By Michael Hutton
Vision correction treatment based on stem cell therapy for the many millions of people who suffer from dry age-related macular degeneration (AMD) may soon be a practical proposition following successful trials undertaken by the Israeli company CellCure Neurosciences. Dry AMD affects the ability to see fine details and as explained by CEO Charles Irving, "those who are unfortunate enough to have this disease cannot read, drive, or see the faces of their grandchildren." The innovative treatment involves replacing diseased cells with fresh new ones and would not just improve deteriorating eyesight - for those who undertake the treatment it will feel as if they have a new set of eyes.
Dry AMD begins in the retina when retinal pigment epithelial (RPE) cells begin to die. RPE cells are caretakers of the photo-receptors - the cells in the retina that enable the eye to see light and dark. Currently there is no drug treatment for this disease, which typically progresses gradually over time and is the main cause of visual impairment in people over 50. Researchers at the Hadassah Macular Degeneration Unit in Jerusalem found a method of converting human embryonic stem cells into RPE cells which can be transplanted into the patient's eye. Transplants performed on animal models with AMD showed that the new RPE cells could protect the cells in the retina from degenerating and once the old cells were replaced, the progress of the disease halted thus rescuing the retina from the disease and offering sufferers the prospect of an effective vision correction treatment.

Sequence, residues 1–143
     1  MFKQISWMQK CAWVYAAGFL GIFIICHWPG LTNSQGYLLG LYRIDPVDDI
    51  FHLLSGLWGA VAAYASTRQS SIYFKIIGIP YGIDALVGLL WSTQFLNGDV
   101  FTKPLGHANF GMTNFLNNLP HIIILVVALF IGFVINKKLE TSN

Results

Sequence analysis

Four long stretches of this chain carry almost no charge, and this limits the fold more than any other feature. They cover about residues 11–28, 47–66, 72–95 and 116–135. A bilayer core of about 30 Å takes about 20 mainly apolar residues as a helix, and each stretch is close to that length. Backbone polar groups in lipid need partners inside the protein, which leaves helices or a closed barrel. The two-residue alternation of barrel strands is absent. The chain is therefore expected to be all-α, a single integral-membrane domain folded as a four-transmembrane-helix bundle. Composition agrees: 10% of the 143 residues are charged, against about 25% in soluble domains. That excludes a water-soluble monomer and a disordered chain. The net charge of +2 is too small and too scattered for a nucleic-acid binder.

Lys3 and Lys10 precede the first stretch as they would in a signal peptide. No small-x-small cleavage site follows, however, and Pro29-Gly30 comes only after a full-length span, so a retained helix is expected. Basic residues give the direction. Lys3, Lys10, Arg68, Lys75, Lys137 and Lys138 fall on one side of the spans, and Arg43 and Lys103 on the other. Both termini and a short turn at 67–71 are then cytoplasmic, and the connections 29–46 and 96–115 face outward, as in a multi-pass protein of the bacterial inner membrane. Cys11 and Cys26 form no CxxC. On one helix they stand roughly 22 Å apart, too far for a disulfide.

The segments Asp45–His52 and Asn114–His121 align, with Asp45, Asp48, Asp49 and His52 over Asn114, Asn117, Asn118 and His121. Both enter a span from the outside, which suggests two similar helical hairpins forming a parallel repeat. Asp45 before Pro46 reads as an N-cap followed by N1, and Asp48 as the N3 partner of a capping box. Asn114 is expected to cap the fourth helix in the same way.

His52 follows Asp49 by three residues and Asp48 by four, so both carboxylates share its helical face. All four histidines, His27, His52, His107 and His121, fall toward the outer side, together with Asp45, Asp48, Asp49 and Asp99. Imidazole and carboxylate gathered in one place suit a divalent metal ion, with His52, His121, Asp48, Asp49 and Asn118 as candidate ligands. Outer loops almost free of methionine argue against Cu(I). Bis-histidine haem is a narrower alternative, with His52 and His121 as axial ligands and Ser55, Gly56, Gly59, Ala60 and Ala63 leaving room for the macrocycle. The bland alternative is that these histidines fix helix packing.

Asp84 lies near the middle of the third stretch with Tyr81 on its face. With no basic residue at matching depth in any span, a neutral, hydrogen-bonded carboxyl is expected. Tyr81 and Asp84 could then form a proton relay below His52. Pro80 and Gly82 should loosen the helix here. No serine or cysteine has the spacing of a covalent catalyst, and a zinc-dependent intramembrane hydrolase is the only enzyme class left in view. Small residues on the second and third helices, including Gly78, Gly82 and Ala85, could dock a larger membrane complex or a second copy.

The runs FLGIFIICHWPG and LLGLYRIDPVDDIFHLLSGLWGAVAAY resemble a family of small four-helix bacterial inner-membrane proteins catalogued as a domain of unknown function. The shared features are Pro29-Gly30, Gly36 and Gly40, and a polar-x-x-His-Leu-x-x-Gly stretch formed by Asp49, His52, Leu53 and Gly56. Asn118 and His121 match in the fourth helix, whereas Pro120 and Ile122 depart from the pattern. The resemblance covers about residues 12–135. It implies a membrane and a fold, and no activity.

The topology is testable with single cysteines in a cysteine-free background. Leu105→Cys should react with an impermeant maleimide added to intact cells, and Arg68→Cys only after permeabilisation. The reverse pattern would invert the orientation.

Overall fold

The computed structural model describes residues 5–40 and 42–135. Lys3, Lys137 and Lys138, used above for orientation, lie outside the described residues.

CellCure plan to take this technology together with clinical grade embryonic stem cells and create a clinical grade RPE cell product which can be used in clinical trials and commercialised. Already, Teva Pharmaceuticals Industries has invested $2m and signed an option to licence this technology from CellCure and will oversee clinical studies of the product development programme once the Company has succeeded in securing FDA approval to begin clinical trials. As Irving notes, "the simplicity of this application of stem cell technology makes it the number one leading clinical application of human embryonic stem cells." says Irving. So for the over 50s who face a number of challenges in preserving their eye health, this vision correction therapy may provide real hope for treating this serious sight-threatening condition.
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